The UCSU Allyship Charter
The new UCSU Allyship charter will hopefully outline what makes a person a better ally and provide an opportunity to actively learn about how to better support marginalised communities.
The Allyship Charter has 3 key points and is a working progress which will be adapted to ensure its relevance and suitability to these communities. If you have any suggestions on what should be included, please feel free to email firstname.lastname@example.org
Current Allyship Charter:
- Gaining further knowledge by educating myself and staying informed
- Speak up and challenge homophobia, biphobia and transphobia
- Listen, be mindful and supportive
Brief History- worth keeping some of it as it is part of our history
In previous years, the university, SU and its’ clubs and societies have previously signed the Sports Charter to tackle homophobia and transphobia (#TakeAStand). This was set up as a Government initiative to tackle these issues within sports and in turn looking at issues including Racism, Sexism, Biphobia, Disability, discrimination, initiations, alcohol and drug abuse, crowd behaviour and Faith and Cultural appropriation.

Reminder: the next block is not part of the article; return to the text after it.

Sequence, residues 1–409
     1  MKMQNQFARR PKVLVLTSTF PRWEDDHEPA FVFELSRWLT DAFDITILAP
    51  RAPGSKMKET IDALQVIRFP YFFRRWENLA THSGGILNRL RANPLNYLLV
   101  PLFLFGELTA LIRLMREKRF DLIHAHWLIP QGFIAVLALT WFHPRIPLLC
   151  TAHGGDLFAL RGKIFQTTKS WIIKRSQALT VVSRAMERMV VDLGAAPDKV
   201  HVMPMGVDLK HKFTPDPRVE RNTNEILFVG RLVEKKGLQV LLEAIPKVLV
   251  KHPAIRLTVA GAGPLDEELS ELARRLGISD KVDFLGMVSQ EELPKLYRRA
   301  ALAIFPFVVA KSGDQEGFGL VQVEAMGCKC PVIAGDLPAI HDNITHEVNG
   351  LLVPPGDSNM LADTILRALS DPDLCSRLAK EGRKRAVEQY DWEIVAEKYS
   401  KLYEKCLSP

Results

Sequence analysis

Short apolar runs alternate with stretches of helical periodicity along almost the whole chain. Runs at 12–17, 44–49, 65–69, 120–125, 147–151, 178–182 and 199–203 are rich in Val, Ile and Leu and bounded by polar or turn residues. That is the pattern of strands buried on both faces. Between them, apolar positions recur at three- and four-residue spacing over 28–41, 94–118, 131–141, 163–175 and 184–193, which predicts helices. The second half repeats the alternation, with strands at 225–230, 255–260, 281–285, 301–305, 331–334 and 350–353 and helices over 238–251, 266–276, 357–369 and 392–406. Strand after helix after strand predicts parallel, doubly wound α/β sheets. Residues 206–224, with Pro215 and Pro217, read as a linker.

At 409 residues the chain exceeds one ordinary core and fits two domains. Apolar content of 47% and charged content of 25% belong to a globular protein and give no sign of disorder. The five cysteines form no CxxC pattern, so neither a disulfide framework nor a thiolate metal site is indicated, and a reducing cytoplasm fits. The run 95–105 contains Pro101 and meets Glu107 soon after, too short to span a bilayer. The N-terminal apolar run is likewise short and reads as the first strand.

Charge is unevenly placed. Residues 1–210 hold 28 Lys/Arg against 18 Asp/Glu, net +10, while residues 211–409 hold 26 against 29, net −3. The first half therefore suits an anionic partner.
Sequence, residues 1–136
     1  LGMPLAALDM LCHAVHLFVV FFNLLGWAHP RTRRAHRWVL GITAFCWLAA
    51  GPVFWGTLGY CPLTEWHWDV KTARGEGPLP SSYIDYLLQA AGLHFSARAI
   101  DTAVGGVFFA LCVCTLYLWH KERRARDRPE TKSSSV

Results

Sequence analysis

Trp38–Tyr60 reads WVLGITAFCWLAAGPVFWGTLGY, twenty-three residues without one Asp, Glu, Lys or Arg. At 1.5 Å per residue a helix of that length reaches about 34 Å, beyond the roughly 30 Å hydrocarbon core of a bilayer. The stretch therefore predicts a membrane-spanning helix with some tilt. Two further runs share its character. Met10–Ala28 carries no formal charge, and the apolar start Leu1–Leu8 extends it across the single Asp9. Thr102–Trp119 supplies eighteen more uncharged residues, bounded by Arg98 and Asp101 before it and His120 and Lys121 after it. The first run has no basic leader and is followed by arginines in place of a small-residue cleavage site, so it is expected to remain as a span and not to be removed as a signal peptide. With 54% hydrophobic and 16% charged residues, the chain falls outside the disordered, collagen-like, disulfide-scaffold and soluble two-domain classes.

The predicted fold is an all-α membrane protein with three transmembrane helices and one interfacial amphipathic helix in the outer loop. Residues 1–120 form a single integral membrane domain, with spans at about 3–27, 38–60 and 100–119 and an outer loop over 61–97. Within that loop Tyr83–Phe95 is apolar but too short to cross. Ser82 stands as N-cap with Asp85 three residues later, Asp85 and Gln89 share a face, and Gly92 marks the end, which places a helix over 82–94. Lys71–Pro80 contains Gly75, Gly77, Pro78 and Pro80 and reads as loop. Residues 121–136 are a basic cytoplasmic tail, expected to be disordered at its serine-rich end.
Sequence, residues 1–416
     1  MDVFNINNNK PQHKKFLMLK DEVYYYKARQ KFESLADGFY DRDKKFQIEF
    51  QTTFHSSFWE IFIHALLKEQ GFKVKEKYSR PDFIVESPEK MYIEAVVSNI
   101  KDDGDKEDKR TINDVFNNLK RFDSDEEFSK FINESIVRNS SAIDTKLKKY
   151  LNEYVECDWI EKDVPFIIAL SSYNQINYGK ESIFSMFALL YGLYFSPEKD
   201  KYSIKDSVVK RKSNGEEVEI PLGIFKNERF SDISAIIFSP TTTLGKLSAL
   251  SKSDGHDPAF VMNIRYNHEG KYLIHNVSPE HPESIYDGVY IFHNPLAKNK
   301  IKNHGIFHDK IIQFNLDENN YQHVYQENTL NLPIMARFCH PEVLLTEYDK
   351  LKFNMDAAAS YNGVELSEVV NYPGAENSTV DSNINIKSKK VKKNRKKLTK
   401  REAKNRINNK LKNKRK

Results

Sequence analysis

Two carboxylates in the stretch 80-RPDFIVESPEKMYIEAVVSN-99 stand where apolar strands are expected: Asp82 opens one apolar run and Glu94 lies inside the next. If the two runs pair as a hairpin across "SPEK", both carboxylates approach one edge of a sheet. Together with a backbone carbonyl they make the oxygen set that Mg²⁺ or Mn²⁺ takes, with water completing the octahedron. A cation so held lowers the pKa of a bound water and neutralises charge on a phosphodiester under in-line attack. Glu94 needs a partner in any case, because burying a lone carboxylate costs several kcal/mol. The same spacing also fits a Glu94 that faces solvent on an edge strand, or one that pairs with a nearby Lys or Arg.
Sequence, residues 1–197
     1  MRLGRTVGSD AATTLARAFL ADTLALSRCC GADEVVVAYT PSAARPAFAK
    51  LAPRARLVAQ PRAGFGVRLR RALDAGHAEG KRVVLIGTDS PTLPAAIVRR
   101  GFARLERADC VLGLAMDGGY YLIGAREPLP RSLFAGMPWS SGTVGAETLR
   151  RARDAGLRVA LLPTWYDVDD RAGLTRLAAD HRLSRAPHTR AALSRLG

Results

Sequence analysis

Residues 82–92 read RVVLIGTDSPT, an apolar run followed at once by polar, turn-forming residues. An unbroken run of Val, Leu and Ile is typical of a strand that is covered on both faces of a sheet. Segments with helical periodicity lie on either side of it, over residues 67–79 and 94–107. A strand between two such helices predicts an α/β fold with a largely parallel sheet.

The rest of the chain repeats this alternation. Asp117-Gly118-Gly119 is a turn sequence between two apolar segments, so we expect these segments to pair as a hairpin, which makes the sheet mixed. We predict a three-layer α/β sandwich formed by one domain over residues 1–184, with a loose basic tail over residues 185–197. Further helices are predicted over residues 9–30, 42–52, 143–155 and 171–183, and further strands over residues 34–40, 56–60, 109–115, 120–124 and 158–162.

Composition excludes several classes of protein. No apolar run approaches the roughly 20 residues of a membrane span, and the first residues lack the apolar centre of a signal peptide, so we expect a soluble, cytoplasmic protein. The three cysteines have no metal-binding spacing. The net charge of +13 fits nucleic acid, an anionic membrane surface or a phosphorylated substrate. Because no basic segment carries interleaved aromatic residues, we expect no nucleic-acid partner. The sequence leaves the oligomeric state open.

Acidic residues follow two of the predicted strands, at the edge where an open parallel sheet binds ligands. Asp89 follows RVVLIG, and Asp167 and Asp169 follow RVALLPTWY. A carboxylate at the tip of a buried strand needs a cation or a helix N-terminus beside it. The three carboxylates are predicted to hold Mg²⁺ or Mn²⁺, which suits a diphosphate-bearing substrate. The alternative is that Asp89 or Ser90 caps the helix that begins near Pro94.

Why change this?
The issues that the Sports Charter wished to eradicate, exists beyond sports, into our wider society. By changing this campaign, it gives us the proactive nature to educate and tackle these issues, one small step at a time. The SU and the University recognises that it is not just relevant to sport, but in our clubs and societies, student community and wider society, that we learn to be a better ally.
Ally – a person who helps and supports someone (Oxford Learner’s Dictionary). The origins of this word dates back to its first use in 1250 and originated from the Latin word ‘alligare’ meaning ‘to bind to’.
Allyship - the role of a person who advocates and work for inclusion of marginalised group, not as a member but in solidarity with its struggle and point of view (Dictionary.com).
Why is it essential to become an ally?
Collectively, we all have the power to stand up for the rights of others and to make a positive change. Inclusion and diversity are a job for everyone and not just those with diversity, inclusion or belonging in their job title.
Being an ally means you recognise that you may not personally have experienced the marginalisation but you support them and make an effort to better understand the struggle.